Beginner question about passive wiring


Senior Member
Any previous work that I've done has been harnessed or prepackaged  in some way, but I'm working on a passive instrument from scratch and am unfamiliar with some of the basics. As I understand it, the only thing separating a volume pot from a tone pot is a capacitor coming from the negative of the pot, and the tonal characteristics of the pot depend on the capacitor type. Am I way off?

Just to clarify my intent: two passive pickups, each going into its own tone pot, then into a 4-way rotary switch, then to master volume. Hopefully that's not a rediculous idea. Any input is appreciated.
It's hard to tell what you are wanting to on this one; what type of pickups? Tappable? Why 4-way rotary on this implementation, what phasing or other ??? are you wanting to do?
Dingwall FD-3 pickups, and a dingwall designed rotary switch in place of the blend (bridge, neck, series, parallel if I'm not mistaken). At this point, I'm just looking to make sure that the tone pots actually function as passive tone pots and not just another volume pot in the line. This is where my question of capacitors came in.
Tone controls, for best results, should be on the "hot" side of things.  That is, on the signal as it comes to the volume control, not as it leaves the volume control.

If you want a 4 way switch and a toggle... you might want to take a look at the circuit I've designed, and used now in two (soon to be three) guitars with great results.  That setup gives you "normal" guitar tones (neck/both/bridge) via the toggle switch.  It also gives you series pickups (both, has to be), and gives you half out of phase (both pickups, has to be).  You "could" do it full out of phase, but frankly, the half out sounds better.  To that, you can add... a regular tone control, middle control and bass control if you like (but you'll have to add more passive things, an inductor).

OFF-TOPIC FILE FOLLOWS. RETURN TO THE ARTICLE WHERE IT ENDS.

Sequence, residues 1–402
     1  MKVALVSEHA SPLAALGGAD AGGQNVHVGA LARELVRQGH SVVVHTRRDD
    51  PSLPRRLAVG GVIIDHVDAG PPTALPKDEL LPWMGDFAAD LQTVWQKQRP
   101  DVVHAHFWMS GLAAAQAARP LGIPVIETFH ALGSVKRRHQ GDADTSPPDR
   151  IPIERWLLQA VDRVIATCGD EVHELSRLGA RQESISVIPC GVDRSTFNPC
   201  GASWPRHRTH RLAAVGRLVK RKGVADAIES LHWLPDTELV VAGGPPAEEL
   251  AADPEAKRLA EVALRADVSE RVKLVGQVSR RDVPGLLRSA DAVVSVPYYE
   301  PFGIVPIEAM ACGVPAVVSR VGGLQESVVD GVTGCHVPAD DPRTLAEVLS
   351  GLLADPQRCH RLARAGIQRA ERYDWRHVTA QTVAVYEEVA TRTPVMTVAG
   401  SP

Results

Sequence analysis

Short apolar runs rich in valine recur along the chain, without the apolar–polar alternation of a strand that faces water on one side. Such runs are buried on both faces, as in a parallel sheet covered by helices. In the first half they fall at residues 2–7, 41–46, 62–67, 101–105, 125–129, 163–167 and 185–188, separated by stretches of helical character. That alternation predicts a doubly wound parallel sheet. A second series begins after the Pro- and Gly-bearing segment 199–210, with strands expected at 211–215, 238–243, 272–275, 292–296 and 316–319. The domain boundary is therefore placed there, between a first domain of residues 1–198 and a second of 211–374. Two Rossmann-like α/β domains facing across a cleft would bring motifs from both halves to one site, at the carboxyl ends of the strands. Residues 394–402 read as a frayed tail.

Right now I do have the tone pots planned to be in front of the switch, which is in front of the volume. I wasn't sure if I would create problems putting tone pots in front of the switch, but I can't find anywhere that it would.

I guess if I boil down to the simplest question that I'm asking, it's "how do I wire a passive tone pot?" regardless of the rest of the configuration. Everything else I've had any part in has been something like an EMG system where you just get prewired pots. So is it as simple as using a 250k pot with the appropriate capacitor? Is the capacitor on the hot side coming into the tone pot or on the negative side leaving the tone pot?
Tf    you should study a few schematics of volume and tone controlls and try and figure out whats going on. It's fairly simple electronics, if you can wrap your brain arround whats going on there, you can better figure out what it is you wanna do. Many books and websites will tell how to wire it, but not many explain well how it all works.

Your last post seems to tell me you haven't even looked a schematic?

Typical guitar wiring is  passive, as opposed to active, which requires power.
passive uses the power of the circuit to function without external power.
Checked the pickups, they're for a bass... Don't know shit about that other than vintage Jazz Bass circuit with 2 vols, 1 tone... Everybody else pick up on the fact it's a bass?

Regardless, tone pots don't go in front of the vol pot(s) or switches for that matter,,,